Spider-Man 2

SpiderMan2“I believe there’s a hero in all of us”

Tobey Maguire returns as Peter Parker, a.k.a Spiderman, in the continuing film series, based on the highly popular comic series originated by Steve Ditko and Stan Lee who also appears in a nice heroic cameo role. Director Sam Raimi and filmmakers make every frame count beginning with a creative art work sequence by Alex Ross that summarizes the previous installment and ending with a great setup for the next installment.

Peter finds great success in his superhero duties, but can’t seem catch a break (or even a snack), as he rides an emotional roller coaster while trying to balance his personal life, attend college, and make a living. His relationship with life long love, MJ…Mary Jane Watson, played by Kirsten Dunst, strains, but the genuine care and honesty remains. No chance of a raise from Daily Bugle editor J. Jonah Jameson, well played again by J.K. Simmons, who continues to sling slander at Spidey to sell more newspapers. Of course, friend Harry Osborne resents Peter’s job and continues to seek vengeance against Spider-Man for the death of his father.

Wait I don’t think Spider-Man has enough challenges…how about a nemesis to battle against? In this episode, Dr. Otto Octavius (a.k.a. Dr. Octopus), well played by Alfred Molina (Maverick), fits the bill. He seeks to use fusion with nanotechnology and AI arms, but the arms end up having a personality of their own.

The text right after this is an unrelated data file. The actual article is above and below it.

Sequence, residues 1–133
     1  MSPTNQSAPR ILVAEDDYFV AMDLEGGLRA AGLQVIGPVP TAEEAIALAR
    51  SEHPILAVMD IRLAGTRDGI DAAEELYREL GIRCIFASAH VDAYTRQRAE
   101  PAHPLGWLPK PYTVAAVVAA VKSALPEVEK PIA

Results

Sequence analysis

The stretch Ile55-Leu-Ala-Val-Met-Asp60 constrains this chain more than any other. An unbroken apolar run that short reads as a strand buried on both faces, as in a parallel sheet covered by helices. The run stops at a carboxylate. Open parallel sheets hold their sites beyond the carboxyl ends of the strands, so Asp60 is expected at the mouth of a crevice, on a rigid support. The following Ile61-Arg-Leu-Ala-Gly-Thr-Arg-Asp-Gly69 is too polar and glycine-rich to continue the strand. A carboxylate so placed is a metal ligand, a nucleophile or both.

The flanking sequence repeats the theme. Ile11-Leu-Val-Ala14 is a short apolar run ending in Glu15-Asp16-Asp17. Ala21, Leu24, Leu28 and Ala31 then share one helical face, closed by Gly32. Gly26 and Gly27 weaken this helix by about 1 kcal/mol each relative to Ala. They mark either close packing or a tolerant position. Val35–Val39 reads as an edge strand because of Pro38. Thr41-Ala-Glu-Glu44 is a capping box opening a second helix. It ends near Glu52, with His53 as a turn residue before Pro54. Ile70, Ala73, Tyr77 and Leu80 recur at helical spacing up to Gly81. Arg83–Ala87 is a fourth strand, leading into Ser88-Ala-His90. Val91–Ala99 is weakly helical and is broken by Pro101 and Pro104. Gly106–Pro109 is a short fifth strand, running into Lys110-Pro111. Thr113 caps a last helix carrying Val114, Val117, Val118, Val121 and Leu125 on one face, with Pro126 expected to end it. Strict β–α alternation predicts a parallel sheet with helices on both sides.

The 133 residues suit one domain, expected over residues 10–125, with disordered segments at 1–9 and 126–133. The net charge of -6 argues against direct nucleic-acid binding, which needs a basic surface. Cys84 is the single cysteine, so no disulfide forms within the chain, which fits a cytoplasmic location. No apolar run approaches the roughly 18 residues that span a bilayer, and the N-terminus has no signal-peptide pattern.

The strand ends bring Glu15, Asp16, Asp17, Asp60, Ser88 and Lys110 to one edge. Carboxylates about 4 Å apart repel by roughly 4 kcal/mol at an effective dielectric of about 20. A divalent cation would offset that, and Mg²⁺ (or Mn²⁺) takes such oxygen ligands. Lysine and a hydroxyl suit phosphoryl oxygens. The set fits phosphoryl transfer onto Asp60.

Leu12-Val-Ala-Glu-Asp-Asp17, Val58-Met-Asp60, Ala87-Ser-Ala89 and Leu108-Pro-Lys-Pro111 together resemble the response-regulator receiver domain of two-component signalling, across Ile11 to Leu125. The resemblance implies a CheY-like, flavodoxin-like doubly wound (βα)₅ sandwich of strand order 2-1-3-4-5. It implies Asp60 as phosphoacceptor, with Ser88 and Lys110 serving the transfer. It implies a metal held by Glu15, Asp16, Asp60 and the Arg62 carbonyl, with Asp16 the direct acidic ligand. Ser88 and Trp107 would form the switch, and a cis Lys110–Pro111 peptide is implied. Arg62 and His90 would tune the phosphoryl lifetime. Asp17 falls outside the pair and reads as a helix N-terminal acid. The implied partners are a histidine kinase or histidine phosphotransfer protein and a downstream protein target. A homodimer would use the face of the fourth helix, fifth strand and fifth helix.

Filming began before an official script was completed, but it doesn’t affect the plot at all. You see new opportunities and possible future villain introductions, most notable Dr. Connors, played by Dylan Walsh (Road to Perdition) while screenwriters also tie up some loose ends, especially in a great interior scene where Peter talks with his Aunt May, well played by Rosemary Harris. Filmed in California, Chicago and New York City, Spider-Man 2 comes highly recommended and has a rating of PG-13 for action-related violence.

Copyright © Michael Siebenaler

This entry was posted in 2000s Film Reviews, Film Reviews and tagged , , , , , , . Bookmark the permalink.

Leave a Reply

Fill in your details below or click an icon to log in:

WordPress.com Logo

You are commenting using your WordPress.com account. Log Out /  Change )

Google photo

You are commenting using your Google account. Log Out /  Change )

Twitter picture

You are commenting using your Twitter account. Log Out /  Change )

Facebook photo

You are commenting using your Facebook account. Log Out /  Change )

Connecting to %s